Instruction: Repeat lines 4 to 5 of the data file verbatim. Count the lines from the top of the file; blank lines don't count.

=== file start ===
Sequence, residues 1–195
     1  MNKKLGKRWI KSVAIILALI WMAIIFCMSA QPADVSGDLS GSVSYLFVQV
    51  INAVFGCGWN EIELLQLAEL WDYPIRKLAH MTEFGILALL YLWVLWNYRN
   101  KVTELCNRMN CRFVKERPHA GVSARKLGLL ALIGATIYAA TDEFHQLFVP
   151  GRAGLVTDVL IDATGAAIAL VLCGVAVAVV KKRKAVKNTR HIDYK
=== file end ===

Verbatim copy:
   101  KVTELCNRMN CRFVKERPHA GVSARKLGLL ALIGATIYAA TDEFHQLFVP
   151  GRAGLVTDVL IDATGAAIAL VLCGVAVAVV KKRKAVKNTR HIDYK